These points probably have already been made, but here’s my two cents on Cycles vs Eevee from a not super deep understanding of either, but a rough enough understanding to hopefully make a few good points.
The difference between Cycles and Eevee at the core of things is how it renders a scene. Cycles follows each ray as it traverses through a scene and tracks the state of the ray with every interaction with the scene (reflecting off of surfaces, refracting in surfaces, passing through volumes, etc). Once it has done that, it gathers the rays and produces the final pixels. Eevee, on the other hand does things in layers. For example, shadows are a pass that are added onto the render instead of an intrinsic part of the light simulation. Where Cycles simulates light, Eevee (for the most part) fakes it.
So, that’s the core of the problem. If you want Cycles to be more like Eevee, then it has to give up it’s promises of being an unbiased renderer. If you want Eevee to be more like Cycles, it either has to change its framework to be more like Cycles or add more passes onto the renderer, and then you basically get another Blender Internal. There’s a trade off that you have to make with Cycles vs Eevee vs Arnold vs Render Man vs Unreal vs Unity vs… Each renderer has its own strengths and weaknesses. While adding raytracing support to Eevee will give you more accurate reflections/shadows/global illumination, there’s going to be a cost paid. And that cost will either be slower render times, or less accurate effects (or both).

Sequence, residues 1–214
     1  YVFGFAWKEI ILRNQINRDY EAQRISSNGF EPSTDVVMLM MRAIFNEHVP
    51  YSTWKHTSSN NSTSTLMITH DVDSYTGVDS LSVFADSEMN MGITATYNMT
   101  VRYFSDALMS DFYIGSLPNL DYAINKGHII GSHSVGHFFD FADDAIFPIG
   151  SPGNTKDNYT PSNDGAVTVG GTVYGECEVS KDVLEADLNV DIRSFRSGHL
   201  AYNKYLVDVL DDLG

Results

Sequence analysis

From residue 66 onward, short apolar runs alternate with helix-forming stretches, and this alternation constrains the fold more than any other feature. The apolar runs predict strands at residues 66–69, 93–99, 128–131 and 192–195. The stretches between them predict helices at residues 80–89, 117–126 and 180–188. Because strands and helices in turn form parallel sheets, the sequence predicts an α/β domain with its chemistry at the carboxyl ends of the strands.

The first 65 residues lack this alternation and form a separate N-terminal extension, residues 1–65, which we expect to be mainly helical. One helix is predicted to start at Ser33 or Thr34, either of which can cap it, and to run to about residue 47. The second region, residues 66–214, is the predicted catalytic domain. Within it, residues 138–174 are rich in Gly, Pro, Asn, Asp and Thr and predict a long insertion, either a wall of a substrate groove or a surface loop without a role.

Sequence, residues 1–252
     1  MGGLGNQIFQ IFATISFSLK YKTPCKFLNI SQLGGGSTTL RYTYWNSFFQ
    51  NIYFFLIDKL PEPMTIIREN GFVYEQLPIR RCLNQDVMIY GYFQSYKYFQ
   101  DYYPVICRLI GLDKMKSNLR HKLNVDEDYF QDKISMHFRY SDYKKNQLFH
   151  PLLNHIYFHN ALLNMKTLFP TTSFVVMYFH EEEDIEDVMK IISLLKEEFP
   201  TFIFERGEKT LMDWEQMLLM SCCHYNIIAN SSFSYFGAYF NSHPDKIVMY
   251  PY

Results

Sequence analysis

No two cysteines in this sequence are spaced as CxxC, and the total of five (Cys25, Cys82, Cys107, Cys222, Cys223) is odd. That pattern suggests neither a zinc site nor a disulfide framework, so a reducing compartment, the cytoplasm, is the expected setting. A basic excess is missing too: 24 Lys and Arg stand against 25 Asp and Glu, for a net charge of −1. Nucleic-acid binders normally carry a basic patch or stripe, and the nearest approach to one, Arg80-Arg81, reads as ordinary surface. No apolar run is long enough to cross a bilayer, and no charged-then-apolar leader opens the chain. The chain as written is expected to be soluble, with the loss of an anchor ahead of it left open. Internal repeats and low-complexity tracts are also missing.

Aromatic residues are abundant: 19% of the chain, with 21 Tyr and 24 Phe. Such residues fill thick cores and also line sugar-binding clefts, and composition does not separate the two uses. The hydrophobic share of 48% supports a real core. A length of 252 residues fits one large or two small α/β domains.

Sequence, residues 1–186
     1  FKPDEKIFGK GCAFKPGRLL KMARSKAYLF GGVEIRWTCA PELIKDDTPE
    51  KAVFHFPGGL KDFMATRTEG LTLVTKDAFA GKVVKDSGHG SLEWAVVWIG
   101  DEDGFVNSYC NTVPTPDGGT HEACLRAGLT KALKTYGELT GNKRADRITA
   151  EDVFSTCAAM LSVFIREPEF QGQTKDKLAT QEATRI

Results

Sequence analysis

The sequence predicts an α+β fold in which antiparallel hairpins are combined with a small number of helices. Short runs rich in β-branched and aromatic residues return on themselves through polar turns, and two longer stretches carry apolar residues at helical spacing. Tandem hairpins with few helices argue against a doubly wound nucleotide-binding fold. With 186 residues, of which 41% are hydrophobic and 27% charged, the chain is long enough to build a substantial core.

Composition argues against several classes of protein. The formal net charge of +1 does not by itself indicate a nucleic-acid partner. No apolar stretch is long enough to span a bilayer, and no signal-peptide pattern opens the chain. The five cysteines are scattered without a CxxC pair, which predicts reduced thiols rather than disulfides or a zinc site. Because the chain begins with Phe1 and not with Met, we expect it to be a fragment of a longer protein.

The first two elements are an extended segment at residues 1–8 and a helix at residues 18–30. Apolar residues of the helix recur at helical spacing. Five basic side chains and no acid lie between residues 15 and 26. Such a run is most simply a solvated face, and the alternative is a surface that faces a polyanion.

At the end of the day, there’s room for both renderers. Sometimes speed is your #1 issue, and sometimes accuracy/shader simplicity is the most important thing.
Lastly, this is ignoring things that one renderer has over the other because of some limitations such as time and what the technology can do. For example, you can use Cycles in other platforms if you hook up its API to the other platform, while Eevee is Blender only. Or, Cycles can be put on a render farm with either CPU or GPU, while Eevee is not as easy to set up on a farm. These limitations can be resolved given time/resources, so I don’t think it is really worth saying one renderer is better/worse than another due to these.